5-year Chippewa groundwater study could provide info for Colfax

By LeAnn R. Ralph

BLOOMER —  A five-year groundwater study commissioned by Chippewa County includes a study area that extends to the east side of Colfax and includes the Red Cedar River.

The $400,000 study will determine the effects of non-metallic mining and agricultural irrigation wells on the water supply, wells and streams, rivers and lakes in the area, said Dan Masterpole, Chippewa County conservationist, during an informational meeting February 26 at Bloomer Middle School.

Even though Colfax is just outside of the study area, water for the village’s wells could come from aquifers located within the study area that extends east of Bloomer, north of New Auburn and west to Colfax.

A total of nine industrial sand mines covering more than 2,400 acres have received reclamation permits from Chippewa County are already operating east and north of Colfax in the groundwater study area.

An additional three permit applications are pending with Chippewa County for industrial sand mines covering another 850 acres.

The groundwater study area includes five high-capacity wells for the sand mines along with a number of high-capacity irrigation wells for cropland.

Stakeholders

A stakeholders group was formed to provide technical feedback for the groundwater study and includes local citizens, Trout Unlimited, the Wisconsin Department of Natural Resources, the Wisconsin Farmers Union, and all industrial sand mining companies in the study area: Chippewa Sand Company, EOG Resources, Preferred Sands, Superior Silica Sands, Taylor Creek Transit, and West Wisconsin Sand Company.

Mark Dietsche, chair of the Town of Grant, is among the stakeholders. One of the groundwater study monitoring wells is located on Dietsche’s farm in the Town of Grant north of Colfax.

Four scientists from the United States Geological Survey (USGS) and the Wisconsin Geological and Natural History Survey are conducting the study.

“We wanted to contract with independent agencies that have no interest in the (mining or irrigation) permits and can focus on the science,” Masterpole said.

Surface water

Sand mines and irrigation wells can most definitely affect streams, rivers and lakes, because in this area, the groundwater discharges to surface water, said Madeline Gotkowitz, a hydrogeologist at the Wisconsin Geological and Natural History Survey and a UW-Extension professor.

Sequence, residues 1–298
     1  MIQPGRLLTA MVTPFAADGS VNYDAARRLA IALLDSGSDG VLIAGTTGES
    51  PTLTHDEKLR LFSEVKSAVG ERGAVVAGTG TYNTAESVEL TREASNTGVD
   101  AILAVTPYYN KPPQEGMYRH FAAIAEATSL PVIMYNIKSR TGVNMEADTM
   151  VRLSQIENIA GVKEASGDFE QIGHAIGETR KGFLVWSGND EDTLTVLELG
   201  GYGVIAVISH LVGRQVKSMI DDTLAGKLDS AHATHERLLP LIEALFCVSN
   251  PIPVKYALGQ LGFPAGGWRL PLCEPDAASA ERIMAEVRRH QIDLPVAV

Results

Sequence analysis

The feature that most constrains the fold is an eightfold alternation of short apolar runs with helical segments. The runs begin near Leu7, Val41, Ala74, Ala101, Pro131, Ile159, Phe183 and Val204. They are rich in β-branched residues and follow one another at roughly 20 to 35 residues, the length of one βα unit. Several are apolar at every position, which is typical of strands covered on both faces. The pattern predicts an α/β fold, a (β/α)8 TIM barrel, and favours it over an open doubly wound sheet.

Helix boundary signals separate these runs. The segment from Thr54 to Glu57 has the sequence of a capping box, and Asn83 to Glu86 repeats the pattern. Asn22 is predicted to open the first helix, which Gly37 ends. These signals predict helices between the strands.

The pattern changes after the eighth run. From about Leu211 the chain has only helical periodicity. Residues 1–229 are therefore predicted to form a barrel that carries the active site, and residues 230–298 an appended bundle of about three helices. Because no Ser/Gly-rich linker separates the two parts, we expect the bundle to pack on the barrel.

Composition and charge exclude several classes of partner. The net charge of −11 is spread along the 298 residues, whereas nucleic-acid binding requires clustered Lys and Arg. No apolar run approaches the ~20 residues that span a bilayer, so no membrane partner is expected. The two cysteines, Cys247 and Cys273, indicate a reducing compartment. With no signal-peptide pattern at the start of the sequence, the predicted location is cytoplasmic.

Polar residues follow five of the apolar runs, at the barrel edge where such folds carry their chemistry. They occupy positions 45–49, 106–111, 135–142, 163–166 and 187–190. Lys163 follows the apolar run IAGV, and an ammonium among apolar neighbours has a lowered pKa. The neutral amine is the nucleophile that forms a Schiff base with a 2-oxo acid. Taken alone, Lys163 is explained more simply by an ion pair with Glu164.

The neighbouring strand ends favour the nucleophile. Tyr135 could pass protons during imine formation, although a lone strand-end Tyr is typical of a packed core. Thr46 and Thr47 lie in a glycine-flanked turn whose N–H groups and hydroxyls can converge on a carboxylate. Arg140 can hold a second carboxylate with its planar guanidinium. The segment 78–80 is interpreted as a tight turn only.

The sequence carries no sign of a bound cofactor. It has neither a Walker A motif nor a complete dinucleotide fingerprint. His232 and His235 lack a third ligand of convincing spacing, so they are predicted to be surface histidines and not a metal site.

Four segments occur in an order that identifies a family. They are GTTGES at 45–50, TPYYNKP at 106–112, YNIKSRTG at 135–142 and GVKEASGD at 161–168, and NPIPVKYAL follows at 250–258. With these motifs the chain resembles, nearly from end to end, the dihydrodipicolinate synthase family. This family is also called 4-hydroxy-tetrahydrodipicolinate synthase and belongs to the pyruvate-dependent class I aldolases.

Groundwater, which flows to streams, rivers and lakes because they are lower in elevation than the groundwater, is typically high-quality water, she noted.

Because of the drought in recent years, and because stormwater run-off contains phosphorus and nitrates that contribute to problems with algae blooms in area lakes, it is important to preserve the baseflow because it keeps the streams clearer, Gotkowitz said.

Changes in the landscape because of the sand mines, and the water pumped from high-capacity wells for washing the sand and for agricultural irrigation, could have an impact on groundwater levels in the study area, she said.

Information

The groundwater study will evaluate current and future water use, recharge rates for the groundwater, and will include a groundwater flow model.

Water use and the landscape will be evaluated prior to the start of frac sand mining in Chippewa County as well as afterwards and will include two scenarios — peak sand mining until the year 2030 and post-mine reclamation.

The scientists emphasized that the scenarios will be illustrative of general groundwater trends but not predictive and also emphasized that the groundwater study will consider quantity of water but not the quality of the water.

The scientists noted, too, that the study area is in a “headwaters” area for many larger bodies of water and that headwaters tend to be sensitive to any changes in the environment.

Five years

The study began in the fall of 2012, and public informational meetings are expected to be held each year to disseminate information gathered by the study, Masterpole said.

“It is important for people to stay engaged. The study is being done because of the public’s concerns (about groundwater) and because of the many questions (received by the Chippewa County land conservation office),” he said.

Chippewa County contributed nearly $76,000 to the study in 2012, and is budgeted to pay $71,500 this year; $67,000 in 2014; $68,000 in 2015; and $62,000 in 2017.

USGS also will be contributing about $80,000 to the study.

As reports become available, the information will be posted to the Chippewa County land conservation and forest management website, Masterpole said.

In addition to Gotkowitz, the study teams includes Michael Fienen (a research hydrologist with the U.S. Geological Survey Wisconsin Water Science Center in Middleton); Paul Juckem (also a hydrologist with the Water Science Center in Middleton); and Michael Parsen (a hydrologist with the Wisconsin Geological and Natural History Survey in Madison).

For more information about the groundwater study, visit the Chippewa County website at www.co.chippewa.wi.us and click on the link for county departments.